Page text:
World-renowned reproductive endocrinologist and board certified obstetrician and gynecologist Dr. Samuel H. Wood is once again named as a listee in Marquis' 2011 Who's Who in the World, Who's Who in America, as well as Who's Who in Science and Engineering for his work in embryonic stem cell research and innovations with in vitro fertilization.
Wood is the CEO of Stemagen, a stem cell research and development company, and the founder and medical director at the Reproductive Science Center, both based in La Jolla. He has a Master's degree in psychology, a Ph.D. in biochemistry and molecular biophysics, and an M.B.A from San Diego Sate University.
With more than 15 years of experience in female and male fertility treatments and specializing in in vitro fertilization (IVF), Wood is considered one of the top reproductive endocrinologists in the country.
“In 2010, 93 percent of our egg donation cycles successfully resulted in a pregnancy. The per cycle pregnancy rate for a typical 35 year old woman is approximately 50 percent compared to a spontaneous monthly pregnancy rate of approximately 15 percent for fertile women of that age,” Wood said.
IVF was first used in 1978. Since then much of the technology has changed but the process remains clinically the same.
Two recent advances in the area of IVF involve the availability of single-embryo transfer (SET), which can yield excellent pregnancy rates while virtually eliminating the chance of multiple pregnancy, and the availability of laboratory procedures which test the health of embryos prior to the initiation of a pregnancy.
“Together, these advances give couples much greater control with less anxiety as they work together with fertility specialists to grow their family,” Wood said.
Medical science has made leaps in past decades regarding stem cell treatment, thanks to new advancements in medical technologies, therapeutic procedures, pharmaceutical developments and embryonic research.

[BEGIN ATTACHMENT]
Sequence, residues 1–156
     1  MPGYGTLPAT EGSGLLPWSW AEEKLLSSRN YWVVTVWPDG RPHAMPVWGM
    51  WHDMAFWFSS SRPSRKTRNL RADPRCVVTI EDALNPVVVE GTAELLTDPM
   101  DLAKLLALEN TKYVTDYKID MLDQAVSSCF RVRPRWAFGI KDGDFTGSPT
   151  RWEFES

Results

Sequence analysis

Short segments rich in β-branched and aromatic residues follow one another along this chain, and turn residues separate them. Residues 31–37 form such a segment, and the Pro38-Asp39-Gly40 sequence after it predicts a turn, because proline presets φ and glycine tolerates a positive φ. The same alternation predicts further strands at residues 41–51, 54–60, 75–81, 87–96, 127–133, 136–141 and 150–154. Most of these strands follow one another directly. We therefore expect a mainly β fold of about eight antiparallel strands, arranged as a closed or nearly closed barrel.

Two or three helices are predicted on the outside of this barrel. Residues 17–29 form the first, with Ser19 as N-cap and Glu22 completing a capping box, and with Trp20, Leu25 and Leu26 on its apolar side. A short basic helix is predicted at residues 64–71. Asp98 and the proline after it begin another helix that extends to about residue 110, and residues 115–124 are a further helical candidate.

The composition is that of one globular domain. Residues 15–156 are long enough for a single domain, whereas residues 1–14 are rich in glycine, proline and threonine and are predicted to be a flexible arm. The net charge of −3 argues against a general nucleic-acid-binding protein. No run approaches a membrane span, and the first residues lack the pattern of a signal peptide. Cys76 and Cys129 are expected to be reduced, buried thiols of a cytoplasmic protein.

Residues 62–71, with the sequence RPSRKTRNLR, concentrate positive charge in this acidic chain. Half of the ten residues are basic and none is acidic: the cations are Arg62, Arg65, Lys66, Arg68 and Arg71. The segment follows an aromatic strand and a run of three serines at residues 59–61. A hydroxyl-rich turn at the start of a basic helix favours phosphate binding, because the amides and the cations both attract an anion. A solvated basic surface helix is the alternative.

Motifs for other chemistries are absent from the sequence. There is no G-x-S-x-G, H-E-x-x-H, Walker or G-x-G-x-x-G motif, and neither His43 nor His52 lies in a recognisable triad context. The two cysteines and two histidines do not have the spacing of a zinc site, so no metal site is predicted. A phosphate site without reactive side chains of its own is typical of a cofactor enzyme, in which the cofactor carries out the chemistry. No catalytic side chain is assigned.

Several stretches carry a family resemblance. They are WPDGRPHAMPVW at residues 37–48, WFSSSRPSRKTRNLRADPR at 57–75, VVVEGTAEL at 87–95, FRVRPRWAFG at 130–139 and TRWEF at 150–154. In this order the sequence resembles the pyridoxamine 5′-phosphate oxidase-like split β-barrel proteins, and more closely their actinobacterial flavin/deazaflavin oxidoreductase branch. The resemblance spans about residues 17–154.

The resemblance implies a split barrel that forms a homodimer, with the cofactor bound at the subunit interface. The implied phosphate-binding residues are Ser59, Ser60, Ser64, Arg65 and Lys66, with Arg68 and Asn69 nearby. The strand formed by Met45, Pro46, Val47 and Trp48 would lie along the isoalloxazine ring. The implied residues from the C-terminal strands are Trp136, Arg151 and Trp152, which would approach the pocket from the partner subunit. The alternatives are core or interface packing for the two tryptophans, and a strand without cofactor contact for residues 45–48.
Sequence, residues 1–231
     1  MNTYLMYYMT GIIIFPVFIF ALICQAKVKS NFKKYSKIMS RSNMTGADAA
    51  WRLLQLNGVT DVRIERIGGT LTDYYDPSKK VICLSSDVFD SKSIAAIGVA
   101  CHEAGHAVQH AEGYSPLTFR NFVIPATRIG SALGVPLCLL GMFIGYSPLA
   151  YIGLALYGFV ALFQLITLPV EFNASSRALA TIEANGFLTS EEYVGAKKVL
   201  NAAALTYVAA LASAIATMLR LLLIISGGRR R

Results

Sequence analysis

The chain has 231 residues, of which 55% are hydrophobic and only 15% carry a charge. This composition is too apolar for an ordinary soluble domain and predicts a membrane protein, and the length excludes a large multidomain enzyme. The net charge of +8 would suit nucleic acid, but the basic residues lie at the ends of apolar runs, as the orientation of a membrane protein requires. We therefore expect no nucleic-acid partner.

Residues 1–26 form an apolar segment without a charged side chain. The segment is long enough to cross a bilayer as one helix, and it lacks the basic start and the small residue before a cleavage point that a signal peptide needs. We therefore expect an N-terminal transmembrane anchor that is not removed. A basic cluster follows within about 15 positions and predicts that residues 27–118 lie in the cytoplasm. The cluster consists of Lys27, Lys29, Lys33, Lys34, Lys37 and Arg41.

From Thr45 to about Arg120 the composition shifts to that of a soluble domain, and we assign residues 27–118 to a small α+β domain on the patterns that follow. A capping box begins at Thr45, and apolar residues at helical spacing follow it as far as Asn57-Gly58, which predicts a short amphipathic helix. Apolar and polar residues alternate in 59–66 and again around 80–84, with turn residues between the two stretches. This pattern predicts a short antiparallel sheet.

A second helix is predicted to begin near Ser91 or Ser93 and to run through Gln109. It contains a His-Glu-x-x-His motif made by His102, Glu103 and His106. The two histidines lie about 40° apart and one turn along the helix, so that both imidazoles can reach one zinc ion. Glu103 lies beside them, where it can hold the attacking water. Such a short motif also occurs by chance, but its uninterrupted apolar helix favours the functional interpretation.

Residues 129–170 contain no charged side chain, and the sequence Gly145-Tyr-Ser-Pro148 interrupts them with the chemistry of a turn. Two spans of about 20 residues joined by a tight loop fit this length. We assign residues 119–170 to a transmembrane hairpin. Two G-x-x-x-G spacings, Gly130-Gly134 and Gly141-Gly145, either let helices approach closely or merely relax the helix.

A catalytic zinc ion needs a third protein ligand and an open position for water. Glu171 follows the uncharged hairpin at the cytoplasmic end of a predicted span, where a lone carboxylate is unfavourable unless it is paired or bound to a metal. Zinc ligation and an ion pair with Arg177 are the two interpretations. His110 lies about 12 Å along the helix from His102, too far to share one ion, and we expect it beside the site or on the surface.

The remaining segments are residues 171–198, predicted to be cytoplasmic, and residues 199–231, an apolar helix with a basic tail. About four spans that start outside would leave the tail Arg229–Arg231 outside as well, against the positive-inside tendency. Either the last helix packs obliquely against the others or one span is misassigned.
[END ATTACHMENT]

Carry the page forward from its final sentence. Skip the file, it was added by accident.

In 2008, Marquis first recognized Wood for creating the first recorded human embryonic clones using his own skin cells. The embryos were destroyed shortly after inception due to current federal cloning regulations.
In an article published in The Washington Post on Jan. 18, 2008, Wood emphasized that it was not his intention to clone a person, stating "it's unethical and it's illegal, and we hope no one else does it either.”
His controversial research in therapeutic cloning attracted a lot of attention from both national and international media, and religious groups.
However, his documented work in the field of human embryonic stem cell research (hESC) was a significant catalyst that launched much debate in Washington.
In a public address at the White House on March 9, 2009, President Obama signed an executive order to “lift the ban of federal funding for promising stem cell research,” which was previously vetoed by President Bush after being passed in Congress.
“Although I have a great deal of respect for President Bush, I believe his vetoes of these two pieces of legislation, which were passed on a bipartisan basis, will be viewed in the future as tragic errors that unnecessarily prolong the suffering of patients with devastating degenerative diseases,” Wood said. Adding “because of these vetoes, meaningful progress in the area of embryonic stem cell research was largely nonexistent for several years (except in states that provided funding for this type of research).”
The United States is still the largest funded country of stem cell research, due in part to state legislation (mainly California’s Prop 71 and New Jersey’s S1909/A2840), universities and private investors. However, countries such as the United Kingdom, Sweden, Singapore and China are making great strides in stem cell research because of their less stringent laws and secular policies.
Religion plays a large role in the ethical battle over stem cell research. Many religious organizations in the United States take a anti-abortion stance condemning embryo research as immoral.
“The recent U.S. Court of Appeals ruling approving federal funding for research using new embryonic stem cell lines is a great victory for those that believe that personal religious views should not be used as a basis to block scientific research that holds the promise of mitigating the suffering of millions of American suffering from otherwise incurable diseases,” Wood said.
Embryonic stem cell research is being used to regenerate severed spinal cord injuries, spur insulin production and treat Alzheimer’s, Parkinson’s, cancer and heart diseases that affect millions of Americans.
“Universally accepted ethical principles should guide all scientific research," Wood said. "Idiosyncratic personal religious and ethical opinions have throughout history served only to delay scientific progress and in the process harm those that are most in need of assistance."